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Mark of the Ninja Review

(Image from Steam Game Page)

Mark of the Ninja is a great, challenging stealth game that rewards patience and effort while punishing mistakes. Although the narrative appears to be minor at first, the finale is incredibly shocking and stays with the reader for a long time.

A rich corporation’s militarized force assaults a ninja school where our hero is a growing adept. We rush to our teacher’s aid at the last time and save his life. Prior to that, we overhear talks in which we discover that our sensei has been charged and convicted of significant theft. As is customary in insignificant beginnings, the leader dispels any misgivings. He claims that we are the chosen one with enormous power and entrusts us with the duty of restoring the ninja clan’s honor. We begin forth towards heavily guarded skyscrapers with the female soul mate, developing power, and psychophysical anguish in order to unveil the secret of the clan, the instructor, and our dark past. Klei Entertainment, the company behind Shank’s two adventures, is behind Mark of the Ninja. Once again, we have a two-dimensional, cartoon platformer. Only this time, instead of throwing grenades or shooting Uzis and shotguns aimlessly, we slip like the hero between the lights of the lamps and the shadows of the crates. Smoke screens, darkness, and ventilation shafts are all on our side. Because we are true ninja warriors, we must operate calmly, methodically, and skillfully – thankfully, this work will be rewarded. Silent killings, body concealment, and creeping unobserved between security guards, cameras, lasers, and motion detectors are all rewarded in the game.

(Image from Steam Game Page)

Aside from the primary narrative, which shifts, we confront extra challenges throughout each mission, such as “get sniffed out by three dogs” or “steal two pairs of keys without killing their owners.” We gain points and unique coins for fulfilling different objectives at the conclusion of the assignment by moving discreetly, eliminating or evading adversaries. The latter is a Far Eastern currency used to purchase more hero talents. For instance, the ability to drop yourself from poles on a rope and kill unsuspecting opponents in the air. Poisonous daggers, smoke grenades, flash grenades, and tiny explosives that confound adversaries are examples of such equipment. The gameplay is highly pleasant and addictive. Although the violent narrative and fighting components, particularly the magnificent finishers, distinguish this production from the 16s, the most entertaining and profitable alternative is to complete each level without killing any opponents. This is a challenging skill that demands focus, patience, and the usage of minute details distributed throughout the stages. And there are several ways to finish each objective. For example, we can enter a building with vital information from the front, i.e. through the main door; through balconies or the top of a building; or by one of the ventilation shafts. So we may enter the building’s main hall, destroy the lamp bulbs with daggers, and eliminate the bewildered and horrified guards one by one. We may also enter quietly through a ventilation shaft, cling to a chandelier or light, dangle from a rope in the air, and seize crucial documents off the desk.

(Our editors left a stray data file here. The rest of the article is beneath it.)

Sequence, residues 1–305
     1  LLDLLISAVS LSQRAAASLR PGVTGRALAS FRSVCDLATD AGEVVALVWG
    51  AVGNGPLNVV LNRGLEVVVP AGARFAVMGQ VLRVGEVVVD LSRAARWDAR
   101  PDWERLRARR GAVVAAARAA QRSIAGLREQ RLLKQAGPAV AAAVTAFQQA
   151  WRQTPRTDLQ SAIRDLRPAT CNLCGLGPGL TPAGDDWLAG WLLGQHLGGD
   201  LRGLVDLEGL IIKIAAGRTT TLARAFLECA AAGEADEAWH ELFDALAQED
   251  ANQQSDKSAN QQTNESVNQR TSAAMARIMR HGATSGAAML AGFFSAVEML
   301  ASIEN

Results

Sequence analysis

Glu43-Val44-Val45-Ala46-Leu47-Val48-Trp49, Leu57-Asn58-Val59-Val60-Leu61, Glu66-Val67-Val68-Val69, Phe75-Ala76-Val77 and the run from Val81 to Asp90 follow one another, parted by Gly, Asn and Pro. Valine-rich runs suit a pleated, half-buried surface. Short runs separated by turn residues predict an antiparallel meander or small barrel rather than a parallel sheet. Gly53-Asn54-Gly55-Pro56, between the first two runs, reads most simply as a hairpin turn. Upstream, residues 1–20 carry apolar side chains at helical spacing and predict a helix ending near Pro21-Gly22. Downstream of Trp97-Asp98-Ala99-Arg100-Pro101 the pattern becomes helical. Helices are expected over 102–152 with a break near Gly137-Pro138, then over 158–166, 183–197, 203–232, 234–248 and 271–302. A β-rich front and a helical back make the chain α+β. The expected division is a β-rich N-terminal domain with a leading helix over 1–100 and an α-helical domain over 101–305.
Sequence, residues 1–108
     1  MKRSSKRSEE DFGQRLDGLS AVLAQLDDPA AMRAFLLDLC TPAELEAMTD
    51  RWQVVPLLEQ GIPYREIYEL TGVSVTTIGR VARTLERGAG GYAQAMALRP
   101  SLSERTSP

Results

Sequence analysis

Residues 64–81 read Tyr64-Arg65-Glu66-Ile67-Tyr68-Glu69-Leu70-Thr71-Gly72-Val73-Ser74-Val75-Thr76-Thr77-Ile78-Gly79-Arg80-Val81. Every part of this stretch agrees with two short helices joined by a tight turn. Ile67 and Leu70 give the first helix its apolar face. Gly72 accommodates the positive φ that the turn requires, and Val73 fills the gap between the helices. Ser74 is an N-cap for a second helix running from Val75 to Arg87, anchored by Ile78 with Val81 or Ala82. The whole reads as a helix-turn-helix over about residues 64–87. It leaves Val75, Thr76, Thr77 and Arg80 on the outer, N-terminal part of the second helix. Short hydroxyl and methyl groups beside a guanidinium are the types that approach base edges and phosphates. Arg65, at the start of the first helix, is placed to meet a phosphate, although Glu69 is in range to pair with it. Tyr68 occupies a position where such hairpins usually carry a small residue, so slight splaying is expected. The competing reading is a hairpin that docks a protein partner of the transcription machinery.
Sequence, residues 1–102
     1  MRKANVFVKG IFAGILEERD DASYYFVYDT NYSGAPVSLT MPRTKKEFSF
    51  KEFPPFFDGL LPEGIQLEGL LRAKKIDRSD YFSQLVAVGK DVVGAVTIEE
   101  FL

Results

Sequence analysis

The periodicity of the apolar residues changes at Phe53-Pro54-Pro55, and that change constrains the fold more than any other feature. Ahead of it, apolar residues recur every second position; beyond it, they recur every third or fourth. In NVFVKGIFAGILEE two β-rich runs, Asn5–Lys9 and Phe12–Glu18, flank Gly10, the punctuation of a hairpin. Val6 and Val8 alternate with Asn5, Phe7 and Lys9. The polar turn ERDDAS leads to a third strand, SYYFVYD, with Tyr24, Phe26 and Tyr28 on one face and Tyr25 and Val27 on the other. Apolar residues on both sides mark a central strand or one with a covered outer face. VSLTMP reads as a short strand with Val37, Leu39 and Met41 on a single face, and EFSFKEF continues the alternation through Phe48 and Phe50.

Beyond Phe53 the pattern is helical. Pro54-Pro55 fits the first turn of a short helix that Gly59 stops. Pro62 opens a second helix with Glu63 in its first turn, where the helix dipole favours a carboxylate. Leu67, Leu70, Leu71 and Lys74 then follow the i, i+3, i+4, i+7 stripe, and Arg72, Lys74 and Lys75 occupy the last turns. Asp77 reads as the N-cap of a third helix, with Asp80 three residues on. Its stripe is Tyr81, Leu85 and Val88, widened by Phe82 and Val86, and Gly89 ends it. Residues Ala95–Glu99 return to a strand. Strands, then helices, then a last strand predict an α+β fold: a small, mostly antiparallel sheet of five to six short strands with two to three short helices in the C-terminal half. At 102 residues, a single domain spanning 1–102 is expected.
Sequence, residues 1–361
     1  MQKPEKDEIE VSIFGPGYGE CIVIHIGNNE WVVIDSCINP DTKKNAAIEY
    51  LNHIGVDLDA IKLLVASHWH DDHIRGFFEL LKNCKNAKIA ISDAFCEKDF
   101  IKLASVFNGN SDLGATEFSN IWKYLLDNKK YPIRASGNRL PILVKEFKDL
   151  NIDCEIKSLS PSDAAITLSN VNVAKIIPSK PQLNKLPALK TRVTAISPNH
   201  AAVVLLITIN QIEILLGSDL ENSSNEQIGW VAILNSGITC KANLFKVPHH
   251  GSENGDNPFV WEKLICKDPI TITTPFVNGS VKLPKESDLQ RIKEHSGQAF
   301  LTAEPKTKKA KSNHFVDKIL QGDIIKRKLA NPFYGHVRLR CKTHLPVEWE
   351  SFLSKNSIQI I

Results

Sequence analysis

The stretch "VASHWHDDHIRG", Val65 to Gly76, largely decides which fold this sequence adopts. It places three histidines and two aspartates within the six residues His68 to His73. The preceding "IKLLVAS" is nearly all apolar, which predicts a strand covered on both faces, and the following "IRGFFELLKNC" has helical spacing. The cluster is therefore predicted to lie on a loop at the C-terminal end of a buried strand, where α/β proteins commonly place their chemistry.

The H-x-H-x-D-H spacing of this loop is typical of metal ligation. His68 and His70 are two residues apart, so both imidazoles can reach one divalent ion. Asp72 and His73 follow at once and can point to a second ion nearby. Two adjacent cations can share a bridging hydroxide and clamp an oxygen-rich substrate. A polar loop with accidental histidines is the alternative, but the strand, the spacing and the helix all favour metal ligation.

We can play Rambo, we can carefully slaughter everyone in the arena, or we can creep in the shadows unseen, between sewers, door frames, chandeliers, and large flower pots… The controls are highly user-friendly. Furthermore, when we concentrate, i.e. when we decide to aim with thrown daggers or smoke screens, time slows down, allowing us to accurately plan the action and aim. I haven’t seen such a well-thought-out, two-dimensional universe that responds to our activities in a long time. When we are briefly under a room’s floor, we may gently lean out through the gaps in the boards and view what is going on within. If we stop gazing there, the image in the room blurs, we no longer see the outlines of moving persons, but only hear their footsteps, and we can identify which way our victims are heading by the sound waves.

(Image from Steam Game Page)

The majority of the countryside is gorgeous, with Far Eastern elements and contemporary, pure buildings. Despite the fact that we are mostly operating in full darkness, the entire thing looks fantastic – both the animated cutscenes and the gameplay itself in the subterranean and on the peaks of the oriental world. Take a peek at Mark of the Ninja if you still believe that 2D platformers are a thing of the past.

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